Tuesday, February 10, 2009

Another Hijab Post

Yes, that's right... yet another hijab post. We see them everywhere. Blogs, forums, emails... everywhere. But this one will be different! Yeah right. As a revert I get asked a lot when I started to wear hijab, and later when I started to wear niqab. It seems to be a really fascinating story to some. Especially those who don't cover. I'm not sure if its because they want to really learn why or they want to validate why they don't.

A sister once asked me if I cover outside of school. I thought it was an odd question at the time. Why would I wear niqab to school and then not cover any other time? And that was also the first time I realized that some of the other sisters I work with don't cover outside of school. Now you may think that as long as they show a good example for the kids that there should not be a problem. This is not the case. Our community is not that large, and I hear whispers from some of the students that they saw Sister so and so out at the store and that they could see her hair and her jeans were really tight. Most of these whispers are from the girls and all of the girls that say this are 'of age' for covering full time. The issues caused by this are two-fold. One, the girls now either question the legitimacy of covering or they question the legitimacy of their teacher. Two, we have teachers that do not 'practice what they preach'. At some point during the year at an Islamic school every teacher has to give a reminder about the proper dress code for a Muslim. So does that make that person a hypocrite for saying one thing and doing another? This scares me very much because of the following hadith
"A man will be brought on the Day of Resurrection and thrown in the (Hell) Fire, so that his intestines will come out, and he will go around like a donkey goes around a millstone. The people of (Hell) Fire will gather around him and say: O so-and-so! What is wrong with you? Didn't you use to order us to do good deeds and forbid us to do bad deeds? He will reply: Yes, I used to order you to do good deeds, but I did not do them myself, and I used to forbid you to do bad deeds, yet I used to do them myself." (Book 54 Hadith #489 Bukhari)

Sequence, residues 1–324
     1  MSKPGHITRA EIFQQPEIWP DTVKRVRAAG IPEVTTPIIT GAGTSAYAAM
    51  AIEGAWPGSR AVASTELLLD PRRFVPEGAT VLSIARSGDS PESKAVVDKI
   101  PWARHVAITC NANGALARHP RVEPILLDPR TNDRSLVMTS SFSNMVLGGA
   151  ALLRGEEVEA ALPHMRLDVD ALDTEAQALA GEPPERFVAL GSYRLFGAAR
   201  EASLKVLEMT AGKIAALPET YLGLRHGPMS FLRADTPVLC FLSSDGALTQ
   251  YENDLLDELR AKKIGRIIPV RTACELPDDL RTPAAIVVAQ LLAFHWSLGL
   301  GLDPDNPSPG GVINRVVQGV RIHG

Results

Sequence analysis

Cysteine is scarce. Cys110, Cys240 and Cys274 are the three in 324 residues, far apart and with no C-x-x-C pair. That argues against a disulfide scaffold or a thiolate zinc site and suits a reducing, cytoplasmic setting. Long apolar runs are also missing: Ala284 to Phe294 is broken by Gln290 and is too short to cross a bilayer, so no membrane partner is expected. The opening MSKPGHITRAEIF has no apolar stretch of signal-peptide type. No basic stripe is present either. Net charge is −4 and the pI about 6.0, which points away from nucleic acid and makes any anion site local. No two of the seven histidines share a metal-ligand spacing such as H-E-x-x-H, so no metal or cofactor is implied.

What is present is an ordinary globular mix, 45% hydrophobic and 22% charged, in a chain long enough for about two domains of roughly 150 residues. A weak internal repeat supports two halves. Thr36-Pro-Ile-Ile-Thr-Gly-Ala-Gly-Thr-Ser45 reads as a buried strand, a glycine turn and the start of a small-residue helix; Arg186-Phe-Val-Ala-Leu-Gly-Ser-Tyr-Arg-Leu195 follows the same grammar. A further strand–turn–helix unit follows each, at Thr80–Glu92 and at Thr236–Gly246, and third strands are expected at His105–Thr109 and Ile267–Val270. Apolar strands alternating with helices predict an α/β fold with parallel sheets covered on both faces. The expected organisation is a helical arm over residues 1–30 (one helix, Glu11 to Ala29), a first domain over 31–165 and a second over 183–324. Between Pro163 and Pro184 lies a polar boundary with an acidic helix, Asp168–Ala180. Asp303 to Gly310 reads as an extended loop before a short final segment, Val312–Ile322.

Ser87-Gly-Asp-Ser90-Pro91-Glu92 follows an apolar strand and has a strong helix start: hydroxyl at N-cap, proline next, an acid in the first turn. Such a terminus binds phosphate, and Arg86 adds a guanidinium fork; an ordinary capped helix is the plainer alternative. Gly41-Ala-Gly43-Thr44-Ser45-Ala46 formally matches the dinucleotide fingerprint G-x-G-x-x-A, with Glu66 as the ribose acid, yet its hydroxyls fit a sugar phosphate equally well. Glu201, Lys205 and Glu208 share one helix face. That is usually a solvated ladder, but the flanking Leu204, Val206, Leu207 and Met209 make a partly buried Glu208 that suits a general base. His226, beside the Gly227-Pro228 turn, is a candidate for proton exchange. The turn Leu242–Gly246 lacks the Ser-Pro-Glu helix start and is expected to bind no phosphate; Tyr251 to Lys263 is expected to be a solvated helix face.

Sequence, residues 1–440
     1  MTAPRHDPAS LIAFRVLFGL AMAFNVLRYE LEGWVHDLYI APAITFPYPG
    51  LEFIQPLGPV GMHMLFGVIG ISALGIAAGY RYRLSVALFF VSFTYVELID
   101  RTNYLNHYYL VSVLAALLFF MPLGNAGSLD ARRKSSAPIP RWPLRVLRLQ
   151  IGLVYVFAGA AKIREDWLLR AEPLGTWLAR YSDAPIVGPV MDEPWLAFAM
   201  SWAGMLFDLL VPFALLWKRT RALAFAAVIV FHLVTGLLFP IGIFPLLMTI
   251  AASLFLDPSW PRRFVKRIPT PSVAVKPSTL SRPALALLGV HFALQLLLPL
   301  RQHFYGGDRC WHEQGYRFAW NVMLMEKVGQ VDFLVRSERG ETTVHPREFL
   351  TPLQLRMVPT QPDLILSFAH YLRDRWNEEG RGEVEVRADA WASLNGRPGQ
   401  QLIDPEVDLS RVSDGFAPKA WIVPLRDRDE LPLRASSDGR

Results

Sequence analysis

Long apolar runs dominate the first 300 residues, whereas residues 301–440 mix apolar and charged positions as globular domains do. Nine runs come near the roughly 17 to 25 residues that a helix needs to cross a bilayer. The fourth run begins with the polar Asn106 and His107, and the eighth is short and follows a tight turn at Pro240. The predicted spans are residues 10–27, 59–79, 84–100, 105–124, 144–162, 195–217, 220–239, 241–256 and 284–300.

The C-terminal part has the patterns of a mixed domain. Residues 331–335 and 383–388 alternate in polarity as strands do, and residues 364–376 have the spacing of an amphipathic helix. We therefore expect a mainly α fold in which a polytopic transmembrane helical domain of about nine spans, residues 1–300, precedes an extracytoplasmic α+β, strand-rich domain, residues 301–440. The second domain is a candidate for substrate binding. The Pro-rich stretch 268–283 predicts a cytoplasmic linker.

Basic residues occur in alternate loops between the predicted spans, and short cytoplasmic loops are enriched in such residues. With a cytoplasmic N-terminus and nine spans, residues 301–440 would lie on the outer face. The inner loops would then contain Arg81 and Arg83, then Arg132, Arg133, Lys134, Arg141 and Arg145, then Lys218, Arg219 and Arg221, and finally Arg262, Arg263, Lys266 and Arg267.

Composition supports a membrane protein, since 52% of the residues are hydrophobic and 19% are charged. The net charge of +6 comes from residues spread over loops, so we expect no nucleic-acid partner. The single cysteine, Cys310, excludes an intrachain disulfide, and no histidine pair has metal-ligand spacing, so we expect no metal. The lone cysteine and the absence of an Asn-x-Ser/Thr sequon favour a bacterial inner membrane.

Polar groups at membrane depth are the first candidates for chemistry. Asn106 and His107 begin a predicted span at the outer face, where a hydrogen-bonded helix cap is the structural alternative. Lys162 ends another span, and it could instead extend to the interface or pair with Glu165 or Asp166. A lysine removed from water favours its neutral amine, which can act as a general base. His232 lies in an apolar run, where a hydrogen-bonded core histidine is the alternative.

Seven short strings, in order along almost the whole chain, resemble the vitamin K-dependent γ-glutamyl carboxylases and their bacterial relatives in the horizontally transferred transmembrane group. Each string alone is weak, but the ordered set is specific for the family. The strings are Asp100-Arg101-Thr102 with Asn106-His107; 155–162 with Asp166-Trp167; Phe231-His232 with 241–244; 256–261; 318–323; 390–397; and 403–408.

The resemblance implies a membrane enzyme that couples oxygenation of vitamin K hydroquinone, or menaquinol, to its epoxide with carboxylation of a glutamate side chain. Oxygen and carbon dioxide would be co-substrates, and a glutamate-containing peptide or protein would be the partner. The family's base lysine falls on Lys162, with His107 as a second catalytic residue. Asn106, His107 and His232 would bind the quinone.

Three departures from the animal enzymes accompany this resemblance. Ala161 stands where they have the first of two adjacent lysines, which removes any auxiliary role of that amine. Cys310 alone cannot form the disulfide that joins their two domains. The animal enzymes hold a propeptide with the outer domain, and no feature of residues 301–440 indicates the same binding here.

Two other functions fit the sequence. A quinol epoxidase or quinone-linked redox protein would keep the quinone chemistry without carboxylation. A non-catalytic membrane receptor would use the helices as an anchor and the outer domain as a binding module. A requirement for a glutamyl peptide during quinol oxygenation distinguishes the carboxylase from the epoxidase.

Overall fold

I don't want to come off as judgemental. The reasons that people don't chose to cover are their own, and its between them and Allah Subhannah Wa Ta'Ala. I just wonder if they wonder what the consequences of that choice will be.


أم ترافيس said...

Assalamu alaykum -- have you tried to make dawah to them and explain what you heard or think? Of course you have to be delicate, but I think it might be your responsibility to try?

Amber said...

Teachers have a responsibility to be a good example for their students, both inside the school, and outside.

I live in a relatively small town, and attended one of the two private Christian schools in the area. Our English teacher was fairly young, and recently married. She preached all the right things in school, but a bunch of us caught her out in a restaurant, dressed 'for a good time' and flirting heavily with a man that we knew wasn't her husband.

Even in a larger place, you never know who you're going to run into. Kids see *everything*, and if you're practicing 'do as I say, not as I do', you lose their respect.

Candice said...

When it comes to people who don't cover, I think it's fully their choice and no one else's (although it would be OK to have a conversation about it and encourage the person) but in the case of teachers, it's just different. They have the responsibility of being a good example to their students, and that is in and out of school. Reading what you wrote, I am left wondering why they are teaching at an Islamic school at all. Do they actually believe in what they are teaching or not? If I had made the decision to not wear hijab (whether it's because I believe it isn't obligatory or just because I don't want to wear it), I wouldn't be trying to get a job in an Islamic school that believes it is obligatory. It's kinda baffling to me why these people are even working there.
I wanted to ask you though: Do you teach with niqab on? Or you wear it out of class like hallways or if a male comes in? I've never been in a situation where I was taught by a niqabi, or even speaking directly to one, but just imagining it, I feel like it would be more difficult for the children trying to learn if they couldn't see any facial expressions or lips moving (especially young ones). Was wondering your take on it.

Jamilah said...

I flip my veil back when I'm with the kids. That might be different if it were high school but for now its fine. I wear it in the hall and up in the masallah..

Noshi said...

I know many sisters who do this. It's as if they believe that the only "public" place they must be dressed appropriately in is school. It's really weird to me. But, Allah Alim. May Allah Ta'ala guide them. Also, a lot of sisters who go back home (guilty of this before I really learned about hijab) to their countries, remove their hijab. I don't know why I did. I was very young, too. At that point, I really didn't even know why I wore hijab. But, eventually I learned, alhamdulillah.

asalamu alaikum